• The changes required can be taken forward through Development Management policies. One local authority respondent reported that their LDP has a policy around ensuring that home working does not have any detrimental effects on the residential amenity of neighbouring properties. The connection was made to thresholds for material change of use remaining relevant (see further below).

Other comments relating to new models of working included that:

  • Social connection should be enabled through how we create spaces to promote collaboration and socialisation to the benefit of the health and wellbeing of the workforce.
  • The Scottish Government should strengthen its policies and incentives to enable and encourage businesses to expand home working, including to facilitate the dispersal of employment opportunities across the regions of Scotland.

Finally, it was suggested that a wider distribution of small businesses set up and working from business hubs and private homes across the country will be challenging for the planning system to respond to, as it will be more difficult to measure and support business development in this more disparate geographic form.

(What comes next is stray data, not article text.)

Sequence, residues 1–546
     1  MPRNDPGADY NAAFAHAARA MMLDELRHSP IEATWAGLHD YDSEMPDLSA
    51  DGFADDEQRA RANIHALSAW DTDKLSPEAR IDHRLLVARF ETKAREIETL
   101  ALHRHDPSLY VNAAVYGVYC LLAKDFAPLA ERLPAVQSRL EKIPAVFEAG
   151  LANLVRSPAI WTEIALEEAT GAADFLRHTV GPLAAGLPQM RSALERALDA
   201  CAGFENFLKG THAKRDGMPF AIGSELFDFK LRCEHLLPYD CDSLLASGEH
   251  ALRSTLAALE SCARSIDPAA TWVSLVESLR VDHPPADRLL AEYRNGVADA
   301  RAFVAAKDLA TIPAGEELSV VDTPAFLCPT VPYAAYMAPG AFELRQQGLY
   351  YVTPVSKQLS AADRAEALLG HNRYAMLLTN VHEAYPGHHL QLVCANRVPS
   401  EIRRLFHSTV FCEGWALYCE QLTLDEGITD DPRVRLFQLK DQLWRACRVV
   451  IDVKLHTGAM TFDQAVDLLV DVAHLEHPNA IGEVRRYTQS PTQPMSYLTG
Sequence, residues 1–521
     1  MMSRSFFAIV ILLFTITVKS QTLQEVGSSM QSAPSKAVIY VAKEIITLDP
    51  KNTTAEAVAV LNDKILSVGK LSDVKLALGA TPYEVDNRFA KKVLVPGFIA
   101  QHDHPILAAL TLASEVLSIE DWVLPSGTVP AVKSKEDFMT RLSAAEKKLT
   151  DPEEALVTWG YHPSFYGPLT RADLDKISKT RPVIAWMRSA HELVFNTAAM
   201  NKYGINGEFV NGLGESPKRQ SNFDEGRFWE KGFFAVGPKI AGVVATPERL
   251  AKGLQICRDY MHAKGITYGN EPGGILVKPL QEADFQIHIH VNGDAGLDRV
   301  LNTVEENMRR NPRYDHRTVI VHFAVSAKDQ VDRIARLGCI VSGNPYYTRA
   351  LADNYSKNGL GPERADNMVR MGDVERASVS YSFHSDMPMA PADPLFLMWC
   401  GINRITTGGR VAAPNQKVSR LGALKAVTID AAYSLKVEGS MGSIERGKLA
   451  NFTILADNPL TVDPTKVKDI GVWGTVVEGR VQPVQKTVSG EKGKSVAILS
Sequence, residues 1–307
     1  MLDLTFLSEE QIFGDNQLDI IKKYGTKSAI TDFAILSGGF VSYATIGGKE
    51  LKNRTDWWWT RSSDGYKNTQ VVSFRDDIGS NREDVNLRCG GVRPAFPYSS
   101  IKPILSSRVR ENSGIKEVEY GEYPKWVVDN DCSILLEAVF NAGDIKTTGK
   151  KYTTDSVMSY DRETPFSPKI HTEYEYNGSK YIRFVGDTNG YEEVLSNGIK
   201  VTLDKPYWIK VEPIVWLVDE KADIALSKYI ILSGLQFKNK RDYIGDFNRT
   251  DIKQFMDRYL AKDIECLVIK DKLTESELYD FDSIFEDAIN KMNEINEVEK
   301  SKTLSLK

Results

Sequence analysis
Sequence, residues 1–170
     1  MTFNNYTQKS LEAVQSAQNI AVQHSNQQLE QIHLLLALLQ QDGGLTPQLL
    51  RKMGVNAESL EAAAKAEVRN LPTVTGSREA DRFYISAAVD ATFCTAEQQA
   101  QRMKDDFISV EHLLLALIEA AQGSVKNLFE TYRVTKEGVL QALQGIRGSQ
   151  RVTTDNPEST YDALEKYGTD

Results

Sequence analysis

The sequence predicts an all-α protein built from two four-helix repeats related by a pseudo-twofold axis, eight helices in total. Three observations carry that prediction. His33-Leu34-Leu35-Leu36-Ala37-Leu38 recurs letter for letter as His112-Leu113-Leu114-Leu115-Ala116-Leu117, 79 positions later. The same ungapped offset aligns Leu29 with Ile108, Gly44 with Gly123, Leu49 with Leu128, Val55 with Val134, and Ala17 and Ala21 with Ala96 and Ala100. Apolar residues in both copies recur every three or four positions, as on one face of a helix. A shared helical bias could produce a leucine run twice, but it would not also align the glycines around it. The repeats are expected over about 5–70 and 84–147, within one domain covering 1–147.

Responding to challenge - COVID-19 and Brexit

Beyond the impact on working patterns, the challenges that the COVID-19 crisis creates for the economy, including in relation to business and employment, were highlighted. It was suggested that the Place Principles will be key to the planning system's support of recovery, and that it is essential that NPF4 provides a framework of the key principles of good practice in the context of spatial planning for workplaces and locations.

However, it was also suggested that some of the answers to how to rebuild the economy will only emerge as the impact on different sectors, including on self-employment, becomes clear. Initial concerns included that transport, tourism, high value food, drink and manufacturing exports, SME businesses and the construction sector may be particularly badly affected, with the connection made between these sectors and rural and island economies.

It was also suggested that Brexit brings specific risks to island authorities, including because they benefit currently from high levels of support from a wide range of EU funding initiatives and because a high proportion of the island workforce is employed in Brexit sensitive industries.

Although very real concerns were highlighted, opportunities were also identified, including that in one area, recent investment in telecommunications infrastructure and e-schooling demonstrates the very real opportunities for high-value work, for example in the financial, legal or technology sectors, to be undertaken from home. The potential to build on such opportunities in a wide range of educational sectors was also highlighted.